Monday, December 28, 2009

APA Eastern Division: Day 2

Today didn't start terribly well. Didn't go well overall, really. I didn't sleep much last night, for some reason, and was operating on about four hours sleep when I got up. But get up I did, and headed off to first session -- left about 8:20, to make a 9:00 session.

Times Square was less crazy than last night, at least in terms of pedestrians. Still a ridiculous number of cars, and all those lights are still on. Lunacy!

Got to the Marriott Marquis on time. And the place was pretty much deserted. I did run into Alice MacLachlan as she was heading out to grab some breakfast before meeting up, I presume, with York folks who have interviews. I don't begrudge that, BTW: it makes perfect sense. I'm just reporting what I figured she was doing. She suggested that I might want to go to the Society for Women in Philosophy session, which is who's awarding Lorraine Code the Distinguished Woman Philosopher of 2009 (looked up the name this time). I'm pretty confident no one missed me.

When I got upstairs, there were a few latecomers at the registration windows, but everyone else seemed to be having a late morning. Or, more likely, everyone was busy mingling with folks they already knew. I'm pretty sure the cafe/atrium area was largely taken over by philosophers, but philosophers sitting in departmental groups. Remember that scene in Mean Girls where Lizzy Caplan is explaining all the various cliques in the cafeteria? I could have done that. "You got your perpetual grad students, desperate postdocs, well-funded postdocs, burned-out postdocs, tenured profs who haven't published in decades, tenured profs who haven't had a good idea in decades, tenure-track profs at 2-year colleges bitching about research institutions..." (See, it's not funny 'cause it's true.)

In any event, not what you'd call a lot of opportunities to get to know people. So, I went to the Placement Service. For those out of the know: the Placement Service is a complete misnomer. It is, in fact, no such thing. A genuine "placement service" would coordinate applications and job ads, provide job search support services, and generally help to get you employed.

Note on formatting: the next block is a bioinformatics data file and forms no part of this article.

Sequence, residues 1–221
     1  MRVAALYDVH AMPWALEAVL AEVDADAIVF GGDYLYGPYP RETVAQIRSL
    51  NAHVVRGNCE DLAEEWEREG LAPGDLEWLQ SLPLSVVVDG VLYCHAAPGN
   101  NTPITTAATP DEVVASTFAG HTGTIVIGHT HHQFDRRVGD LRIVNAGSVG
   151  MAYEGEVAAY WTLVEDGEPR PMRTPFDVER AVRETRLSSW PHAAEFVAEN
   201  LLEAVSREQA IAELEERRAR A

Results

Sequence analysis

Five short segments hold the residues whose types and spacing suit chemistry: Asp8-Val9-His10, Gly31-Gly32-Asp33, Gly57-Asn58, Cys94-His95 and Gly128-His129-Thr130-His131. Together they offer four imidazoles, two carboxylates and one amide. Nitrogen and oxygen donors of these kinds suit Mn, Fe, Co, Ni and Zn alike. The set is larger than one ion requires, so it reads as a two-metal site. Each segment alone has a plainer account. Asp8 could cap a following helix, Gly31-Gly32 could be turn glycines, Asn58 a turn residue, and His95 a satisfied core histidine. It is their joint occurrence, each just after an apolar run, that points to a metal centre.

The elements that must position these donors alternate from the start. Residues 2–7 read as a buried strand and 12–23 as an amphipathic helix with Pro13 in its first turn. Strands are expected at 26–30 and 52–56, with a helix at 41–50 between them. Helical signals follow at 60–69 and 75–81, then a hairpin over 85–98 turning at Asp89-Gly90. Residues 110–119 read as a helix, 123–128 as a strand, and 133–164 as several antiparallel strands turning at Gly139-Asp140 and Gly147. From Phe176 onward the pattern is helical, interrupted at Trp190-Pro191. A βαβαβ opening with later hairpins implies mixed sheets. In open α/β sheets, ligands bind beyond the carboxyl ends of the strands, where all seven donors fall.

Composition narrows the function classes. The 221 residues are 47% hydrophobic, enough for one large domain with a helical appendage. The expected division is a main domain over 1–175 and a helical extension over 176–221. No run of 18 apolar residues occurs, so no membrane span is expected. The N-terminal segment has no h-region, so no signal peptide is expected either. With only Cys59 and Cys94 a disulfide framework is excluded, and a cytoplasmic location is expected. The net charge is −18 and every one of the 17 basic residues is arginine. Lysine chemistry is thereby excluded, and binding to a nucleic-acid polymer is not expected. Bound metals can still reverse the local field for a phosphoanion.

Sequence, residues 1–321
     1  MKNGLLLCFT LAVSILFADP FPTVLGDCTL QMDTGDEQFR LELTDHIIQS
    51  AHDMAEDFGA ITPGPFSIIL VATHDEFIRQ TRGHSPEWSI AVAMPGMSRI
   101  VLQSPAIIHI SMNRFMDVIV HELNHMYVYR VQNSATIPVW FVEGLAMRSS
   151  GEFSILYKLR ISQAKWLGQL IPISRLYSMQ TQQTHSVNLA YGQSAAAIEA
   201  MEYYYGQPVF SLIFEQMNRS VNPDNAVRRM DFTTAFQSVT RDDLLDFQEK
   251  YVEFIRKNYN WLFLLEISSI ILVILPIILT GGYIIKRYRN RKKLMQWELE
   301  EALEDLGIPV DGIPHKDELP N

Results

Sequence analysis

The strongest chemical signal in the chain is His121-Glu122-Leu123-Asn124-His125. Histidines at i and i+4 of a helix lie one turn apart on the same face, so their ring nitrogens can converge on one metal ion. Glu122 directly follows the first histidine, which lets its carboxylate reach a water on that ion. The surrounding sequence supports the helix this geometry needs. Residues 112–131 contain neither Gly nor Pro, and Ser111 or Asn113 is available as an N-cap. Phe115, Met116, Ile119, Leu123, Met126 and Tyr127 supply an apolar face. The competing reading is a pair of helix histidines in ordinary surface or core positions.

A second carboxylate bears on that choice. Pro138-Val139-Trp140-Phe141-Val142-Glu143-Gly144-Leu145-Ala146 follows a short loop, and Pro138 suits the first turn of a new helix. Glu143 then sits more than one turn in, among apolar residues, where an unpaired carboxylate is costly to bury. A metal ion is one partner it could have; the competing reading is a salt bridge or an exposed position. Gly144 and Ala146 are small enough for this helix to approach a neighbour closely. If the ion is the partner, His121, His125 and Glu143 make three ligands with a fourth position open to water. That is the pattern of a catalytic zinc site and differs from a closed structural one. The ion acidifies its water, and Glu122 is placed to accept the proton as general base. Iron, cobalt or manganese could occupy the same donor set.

This Placement Service has two bulletin boards set up, one for listing where the universities that are interviewing are interviewing, and one for listing any new jobs (grand total: 2; welcome to the end of the humanities in North American universities). It also has a series of boxes -- y'know, banker's boxes -- with numbered manila folders. When you register, you get assigned one of those folders. In the folders: two "interview request" forms and one "information" form. The info form is basically name, affiliation and contact info, in case anyone wants to contact you for a late interview (insert hollow laughter). The interview request forms are if you're either (a) too stupid to have applied to jobs before the convention or (b) applying to any of the jobs that have just appeared at the convention. If you want to do so, you fill in the form, attach a CV (which you have to provide -- no printers or photocopiers available), and drop it in a plastic container reserved for the purpose. If universities bother to reply to you, they'll return the form to your manila folder in the banker's box.

Oh, and, there's a bunch of chairs where you can collapse and wonder why the fates have cursed you with curiosity and intelligence. I'd put up a picture of the room, but it's pretty depressing, frankly. At least the APA staff manning the registration table seemed to be enjoying themselves. Someone should be, eh?